18th Mar2015

‘The Town That Dreaded Sundown’ Review

by Mark Allen

Stars: Addison Timlin, Veronica Cartwright, Anthony Anderson, Travis Tope, Joshua Leonard, Andy Abele, Gary Cole, Edward Herrmann, Ed Lauter, Arabella Field, Denis O’Hare | Written by Roberto Aguirre-Sacasa, Earl E. Smith | Directed by Alfonso Gomez-Rejon


When you think about it, John Carpenter and Wes Craven are to blame. Without them we wouldn’t have the stone-cold genre classics Halloween and A Nightmare on Elm Street. And without them we wouldn’t have their dubious legacy of derivative sequels, remakes and reboots that has plagued multiplexes for going on fifteen years now.

Outside of such an environment, a remake of (or sequel to?) The Town That Dreaded Sundown would never have been greenlit. The blind greed of studio executives is the only logical explanation for this movie’s existence. The creative merit of the enterprise certainly evades me.

Perhaps you need some context; I certainly did. The original was a 1976 slasher set on the border between Texas and Arkansas, based on the real-life murders of a slew of young lovers by a hooded maniac nicknamed ‘the Phantom’. Like in real life, there’s little structure to the film and no real sense of closure or even excitement or tension. The killer is seen in plain view from the very beginning, removing any possible tension from the key scenes, and the movie is perhaps most notable for its attempts at slapstick humour that reduce both the Phantom and the cops on his trail to incompetent buffoons. And the kicker is it’s not even funny; it’s just weird in the most boring way possible.

Fittingly, The Town That Dreaded Sundown takes that ropey legacy and runs precisely nowhere with it. Set in the ‘real’ world in which the first movie exists and is shown annually at the Texarkana drive-in, the film follows an insecure young woman (who is hilariously unaware that she’s beautiful) as she is terrorised by what appears to be the Phantom, killing again after 60 years of silence.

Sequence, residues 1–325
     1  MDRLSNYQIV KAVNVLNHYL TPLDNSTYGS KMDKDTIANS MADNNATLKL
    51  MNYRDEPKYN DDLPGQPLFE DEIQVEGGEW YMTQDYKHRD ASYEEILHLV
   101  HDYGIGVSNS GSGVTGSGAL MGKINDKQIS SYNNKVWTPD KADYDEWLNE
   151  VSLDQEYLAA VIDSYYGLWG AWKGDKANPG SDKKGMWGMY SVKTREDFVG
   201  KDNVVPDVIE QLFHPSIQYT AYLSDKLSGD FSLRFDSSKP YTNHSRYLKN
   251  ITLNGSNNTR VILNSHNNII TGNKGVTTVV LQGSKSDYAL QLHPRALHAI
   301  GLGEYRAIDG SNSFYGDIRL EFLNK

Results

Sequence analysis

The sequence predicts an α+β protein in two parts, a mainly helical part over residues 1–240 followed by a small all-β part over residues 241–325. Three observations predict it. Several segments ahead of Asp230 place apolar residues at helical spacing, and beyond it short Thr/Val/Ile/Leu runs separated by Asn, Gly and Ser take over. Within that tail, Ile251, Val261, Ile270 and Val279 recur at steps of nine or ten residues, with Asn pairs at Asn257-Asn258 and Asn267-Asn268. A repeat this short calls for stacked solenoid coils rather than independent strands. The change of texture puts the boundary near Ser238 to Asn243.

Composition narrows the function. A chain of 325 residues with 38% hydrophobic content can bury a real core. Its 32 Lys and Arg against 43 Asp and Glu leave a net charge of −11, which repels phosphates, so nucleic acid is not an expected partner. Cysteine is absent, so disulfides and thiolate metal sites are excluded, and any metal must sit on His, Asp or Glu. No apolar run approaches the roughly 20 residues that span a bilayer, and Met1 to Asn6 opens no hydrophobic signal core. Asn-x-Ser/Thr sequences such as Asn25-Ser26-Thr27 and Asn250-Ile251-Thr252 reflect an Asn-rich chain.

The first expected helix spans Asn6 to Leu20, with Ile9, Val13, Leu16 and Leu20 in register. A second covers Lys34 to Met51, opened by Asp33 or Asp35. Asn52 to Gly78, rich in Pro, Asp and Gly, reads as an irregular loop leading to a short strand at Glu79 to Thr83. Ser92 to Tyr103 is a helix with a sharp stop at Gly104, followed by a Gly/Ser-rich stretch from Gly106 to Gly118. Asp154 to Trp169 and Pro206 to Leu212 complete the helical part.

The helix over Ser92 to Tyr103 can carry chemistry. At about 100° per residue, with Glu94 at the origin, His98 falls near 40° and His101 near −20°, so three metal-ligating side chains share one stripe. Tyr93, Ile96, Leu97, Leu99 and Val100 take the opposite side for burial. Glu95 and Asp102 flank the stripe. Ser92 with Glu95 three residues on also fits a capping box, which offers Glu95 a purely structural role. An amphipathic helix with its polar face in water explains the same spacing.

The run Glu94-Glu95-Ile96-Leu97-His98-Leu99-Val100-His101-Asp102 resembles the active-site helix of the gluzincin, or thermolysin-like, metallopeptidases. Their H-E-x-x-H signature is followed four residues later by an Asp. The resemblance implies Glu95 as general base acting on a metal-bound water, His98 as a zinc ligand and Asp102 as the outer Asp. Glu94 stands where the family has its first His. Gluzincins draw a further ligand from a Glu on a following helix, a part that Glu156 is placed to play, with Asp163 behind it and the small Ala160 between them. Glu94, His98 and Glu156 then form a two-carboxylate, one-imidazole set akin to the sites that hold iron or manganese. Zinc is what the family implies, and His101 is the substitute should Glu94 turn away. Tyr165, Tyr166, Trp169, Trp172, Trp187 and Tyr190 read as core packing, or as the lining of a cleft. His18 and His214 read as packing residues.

What follows is not an ironic critique of modern horror tropes or even a reasonably well-executed slasher. It’s simply a straightforward rehashing of the original’s most memorable moments before an ending even less satisfying (and somehow more baffling) than the the first.

A wasted opportunity, then, made all the more puzzling by the filmmakers’ clear (but incomprehensible) affection for the source material. Why include a Texas Ranger who – like in the original – shows up to take charge of the investigation but is entirely forgotten about by the last third? Why devote a series of scenes to the fictional son of the first film’s director when he has all but no impact on the story? Why this girl in the first place? All these questions and more go unanswered, and I started to wonder if maybe this was never intended to be a compelling reinvention of the slasher movie but a completely earnest homage to the tedious oddness of the 1976 movie, with its shifting tone and general crapness kept entirely intact.

But even on that front the film fails. It’s not quite as bad as the original, thanks to much higher production values and the casting of halfway decent actors. Sadly, that just makes it all the more pointless.

The Town That Dreaded Sundown is out in UK cinemas on April 10th. Read our thoughts on the film from it’s 2014 Mayhem Film Festival screening right here.


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